If you want to learn  about bourbon, go to Kentucky. After all, 95 percent of the world’s bourbon is made in the Blue Grass State. But with some 70 distilleries spread around the state, where to start? Luckily, my bourbon-loving son introduced me to the Kentucky Bourbon Trail. Linking 16 distilleries strung mostly between Louisville and Lexington, it includes big names such as Wild Turkey and Evan Williams, as well as smaller operations like Town Branch.

One of the best reasons for visiting a distillery is that it gives you the chance to sample or buy some of the most coveted products. Many of these may not be readily available back home, especially small batches in limited quantities and single barrel bourbon (as opposed to blends).

Most distilleries on the Kentucky Bourbon Trail offer tours for a fee. These last about an hour, taking in the distillation process and ending with tastings. If you’re waiting for a tour or simply want to try the company’s bourbon, most also have counters selling a select range of their  products or even sophisticated bars with craft cocktails.

pouring a glass of bourbon

Water or ice take the bite off bourbon. (Credit: Neat)

As you like it

With interest in bourbon soaring worldwide, you might also be interested in knowing that there is no best way to drink bourbon. AJ Hochhalter, who produced the documentary Neat: The Story of Bourbon, said he prefers to drink it neat (straight up, without water, ice or mixer). That way, he can taste the complexity and appreciate the unique journey bourbon undergoes from distillation and aging to his glass.

But as his documentary and distillery tours make clear, how you enjoy it is entirely up to personal preference. It’s perfectly fine to add ice or water to take off the edge and open up the flavor. There are also a huge variety of bourbon-based cocktails. The classic mint julep, mainstay of the Kentucky Derby, is made with bourbon, water, sugar, ice and mint. The old fashioned, created in Louisville in the 1880s, is usually made by adding ice, water, bitters, simple syrup, and an orange slice.

oak barrels

New oak barrels are charred before the aging process,. (Credit: Neat)

What makes bourbon a bourbon?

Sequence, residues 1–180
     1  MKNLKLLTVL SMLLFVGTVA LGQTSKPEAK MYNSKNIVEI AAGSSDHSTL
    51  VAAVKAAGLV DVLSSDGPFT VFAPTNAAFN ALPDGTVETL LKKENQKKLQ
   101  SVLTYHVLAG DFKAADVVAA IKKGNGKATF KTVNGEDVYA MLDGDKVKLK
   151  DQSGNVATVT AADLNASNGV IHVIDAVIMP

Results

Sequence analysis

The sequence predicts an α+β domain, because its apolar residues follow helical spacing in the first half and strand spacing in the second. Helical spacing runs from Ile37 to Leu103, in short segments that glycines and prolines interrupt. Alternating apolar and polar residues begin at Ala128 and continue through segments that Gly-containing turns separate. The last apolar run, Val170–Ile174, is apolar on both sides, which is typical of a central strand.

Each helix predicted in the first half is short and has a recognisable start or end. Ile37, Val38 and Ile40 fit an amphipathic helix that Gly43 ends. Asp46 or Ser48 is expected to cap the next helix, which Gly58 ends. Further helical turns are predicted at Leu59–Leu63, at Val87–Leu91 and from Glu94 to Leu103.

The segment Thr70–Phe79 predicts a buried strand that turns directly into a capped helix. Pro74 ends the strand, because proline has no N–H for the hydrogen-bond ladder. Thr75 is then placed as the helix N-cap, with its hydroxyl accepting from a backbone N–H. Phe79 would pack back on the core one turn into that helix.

One of the things that surprised me when learning about bourbon is how strictly it’s regulated. Although bourbon is classified as a whiskey, it’s in a class all its own. For one thing, by law, the United States is the only place that can produce it. That gives it the distinction of being America’s only certified native spirit.

Furthermore, it must be made from at least 51 percent corn, with the rest, comprising grains like rye and winter wheat, left to the discretion of the distiller. In addition, bourbon must be distilled to no more than 160 proof, barreled at 125 proof and bottled at no more than 80 proof.

But to me, the most incredible part of bourbon’s journey is that it must be aged in new oak barrels that have been charred in fire. That charring allows the liquid to penetrate the wood and absorb its complex caramel vanilla flavor as it ages in storehouses (called rickhouses) and reacts to the heat and cold of the seasons. Absolutely no flavoring, coloring or additives may be added, making it, to my mind, almost a health drink.

Bourbon is best enjoyed among friends. (Credit: Neat)

Begin in Louisville

With six distilleries listed on the Bourbon Trail, Louisville is the best place to begin your education. Your first stop should be the Kentucky Bourbon Trail Welcome Center, located in the Frazier Kentucky History Museum. In addition to staff that can help plan your Bourbon Trail itinerary, it offers an in-depth exhibit explaining why Kentucky’s soil and limestone-filtered water is integral to bourbon, how the amber liquid is made, and bourbon’s history from the 1800s through Prohibition to today.

Pick up a souvenir Passport here or at any of the participating distilleries. If you complete visits to all 16 Kentucky Bourbon Trail distilleries, you earn a souvenir tasting glass.

Whiskey Row

Near the Welcome Center are four distilleries located within a one-mile stretch of Main Street, once known as Whiskey Row. Dating back to the 1870s and housed in an historic four-story building, Old Forester Distilling Co. has the distinction of being the only company making bourbon that has been continually distilled and marketed by the founding family before, during (for medicinal purposes, of course!) and after Prohibition. It was also the first company to sell bourbon in sealed glass bottles. And, it’s the only major distillery with an onsite cooperage, included in the tour, where you can see barrels being made and charred.

Also on Main Street, Angel’s Envy takes an innovative approach to its handcrafted, small-batch whiskey. Its Kentucky Straight Bourbon is made the traditional way and aged up to six years in oak barrels, but it’s finished an additional three to six months in ruby port casks imported from Portugal, adding notes of vanilla, maple syrup and a hint of Madeira. Its latest Kentucky Straight Bourbon creation is finished in Oloroso sherry casks, named by the Robb Report as one of the top spirits of 2019 and the top bourbon.

tasting bar at Wild Turkey

Tastings at Wild Turkey. (Credit: Beth Reiber)

Worthwhile detours